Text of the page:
The arrival of spring usually inspires a resurgence of hope all around, but this week 23 college basketball teams are conducting—in an atmosphere of semi-despair—the formal rites that should legitimatize UCLA as national champion. In its 29th tournament, the NCAA stands for No Chance Against Alcindor.
This theme is likely to continue for the next two years, but there is the sad additional note that many of the same young men must go down to frustrating defeat throughout the Alcindor Era. For while much has been made of the fact that UCLA is virtually an all-sophomore team (five of the first six; no senior at all), a less publicized truth is that sophomores abound in unusual numbers everywhere. At the same time, only a few teams feature seniors. There are exactly 11 senior starters on the top 10 teams.
Indeed, the figures suggest that the younger the team the better. The best team in the country is 80% sophomore. The five best are 48% sophomore. The 10 top teams are 36% sophomore, and all 23 in this year's tournament field are 31% sophomore. How good are they? Well, in the seven first-round games played last Saturday, the winners started twice as many sophomores as the losers. There have been tournaments before that starred sophomores and were notable for the absence of seniors—Indiana's 1953 champions played no seniors; Ohio State's 1960 winners were led by three sophomores—but none has been so overwhelmingly populated by rookies.
The presence of so much extreme youth is bound to produce surprises and unexpected play—good and bad—throughout the tournament. This has been the case all year, for even the best teams have gone through long, unexpected slumps and periods of uneven play that may be attributed to inexperience.
A classic example of how unpredictable sophomores can be occurred Saturday in the qualifying round at Lexington, Ky., where one of Virginia Tech's two starting rookies, Ken Talley, made 10 of 15 shots, had his best night ever with 24 points and led the Gobblers over Toledo and its three sophomore starters 82-76. The irony is that only the week before Toledo had routed Tech 90-71. Though they lost Saturday, the Rockets were helped considerably by sophomore Bob Miller, who came off the bench to score 19. That sixth-man position, traditionally, is supposed to be handled by a cagey veteran who can withstand the pressure and the burden of having to fire off the bench and stir up his club. But even this venerable role has been assumed by sophomores on many teams. The best, perhaps, is Bill Voight of SMU.
Virginia Tech will be joined at Evans-ton, Ill. in the Mideast Regional by Tennessee, Dayton—which qualified with a mild upset overtime win over Western Kentucky—and Indiana, the Big Ten co-champ. The Hoosiers scrambled to a 10-4 record, a complete turnaround from last year. They were led by Butch Joyner, a much-underrated player who averaged 19 points a game and who, together with Bill DeHeer—a sophomore, of course—gave the team the rebounding it lacked in 1966. Indiana tied with Michigan State over the regular season, but there was no playoff. An archaic Big Ten rule stipulates that in such cases, the team that more recently represented the conference must yield the NCAA berth. This is a generous gesture, but one hardly designed to produce the best team.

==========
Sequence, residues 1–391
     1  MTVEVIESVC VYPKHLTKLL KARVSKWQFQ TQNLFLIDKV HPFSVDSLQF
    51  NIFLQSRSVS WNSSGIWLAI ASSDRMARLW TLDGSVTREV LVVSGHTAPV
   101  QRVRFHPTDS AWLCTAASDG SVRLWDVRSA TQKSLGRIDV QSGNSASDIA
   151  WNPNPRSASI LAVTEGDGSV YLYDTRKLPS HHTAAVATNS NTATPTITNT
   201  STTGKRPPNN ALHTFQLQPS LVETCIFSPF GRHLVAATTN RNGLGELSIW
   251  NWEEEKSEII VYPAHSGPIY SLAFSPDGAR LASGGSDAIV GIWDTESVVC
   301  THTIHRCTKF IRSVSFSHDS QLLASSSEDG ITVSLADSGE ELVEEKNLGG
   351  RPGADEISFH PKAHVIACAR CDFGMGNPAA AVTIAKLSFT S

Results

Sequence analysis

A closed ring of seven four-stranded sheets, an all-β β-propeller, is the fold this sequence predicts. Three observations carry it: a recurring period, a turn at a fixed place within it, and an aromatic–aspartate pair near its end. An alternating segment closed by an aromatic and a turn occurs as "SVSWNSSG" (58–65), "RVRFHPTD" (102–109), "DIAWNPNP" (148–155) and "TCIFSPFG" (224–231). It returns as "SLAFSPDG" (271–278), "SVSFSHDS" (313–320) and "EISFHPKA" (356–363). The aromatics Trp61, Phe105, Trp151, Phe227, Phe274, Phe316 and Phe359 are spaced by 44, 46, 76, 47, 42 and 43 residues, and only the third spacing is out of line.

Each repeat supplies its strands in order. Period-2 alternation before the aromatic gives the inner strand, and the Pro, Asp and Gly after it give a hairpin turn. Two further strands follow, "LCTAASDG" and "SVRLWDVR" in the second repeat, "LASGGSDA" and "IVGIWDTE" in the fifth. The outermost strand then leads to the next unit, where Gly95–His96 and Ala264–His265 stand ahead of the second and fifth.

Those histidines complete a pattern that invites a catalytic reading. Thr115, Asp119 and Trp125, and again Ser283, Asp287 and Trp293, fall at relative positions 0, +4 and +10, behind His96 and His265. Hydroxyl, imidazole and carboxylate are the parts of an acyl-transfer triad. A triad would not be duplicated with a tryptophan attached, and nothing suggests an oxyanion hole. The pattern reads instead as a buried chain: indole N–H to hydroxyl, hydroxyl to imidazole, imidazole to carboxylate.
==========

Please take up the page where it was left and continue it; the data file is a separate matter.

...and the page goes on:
Still it ranks right up there with the Code of Hammurabi when compared to some of the NCAA dictums. One such rule cost Defending Champion Texas Western the services of senior Forward Nevil (Shadow) Shed. ( Texas Western is now, officially, the University of Texas at El Paso, or UTEP.) It seems that Shed played on the varsity for North Carolina A&T when he was a freshman there in 1962-63. This was legal, approved by the NCAA. It was also permissible for Shed to play all this regular season for UTEP. But he was declared ineligible for the tournament. There is about as much logic in this as there would be in declaring that all children of a certain marriage were illegitimate if born on Tuesdays or Thursdays. To make the whole thing even sillier, it was decreed that if North Carolina A&T had had an enrollment of less than 751 males when the party of the first part played there, then it would all be hunky-dory and he would be eligible.
Thus, Shed was sitting in the press box Saturday night in Fort Collins, Colo. when UTEP beat Seattle to qualify for the Western Regionals against Pacific. However, with Shed ineligible and Bobby Joe Hill flunked out, Coach Don Haskins has been forced to use Fred Carr, a football linebacker, as a regular forward. Carr did not even suit up for Haskins until February 25.
His squad is so decimated that Haskins really would have preferred to have come to New York and the NIT—where it is still considered permissible to use players who have played all year long. The Miners felt, however, that they were obliged to at least attempt to defend their national crown. As a reward for this decision, the NCAA shifted UTEP to the Western Regional, which denied the school an opportunity to defend its Midwest Regional championship.
Utah State did choose the NIT over the NCAA because, as in the case of Shed, one of State's players was declared ineligible. He had attended junior college for a year, a normal occurrence in that area. However, the NCAA bans such a JC transfer from its tournament—though, of course, he may be used all season to get his team into the tournament. Utah State Athletic Director Frank Williams also joined a chorus of independents in claiming that the NCAA discriminated against them and in favor of conference teams.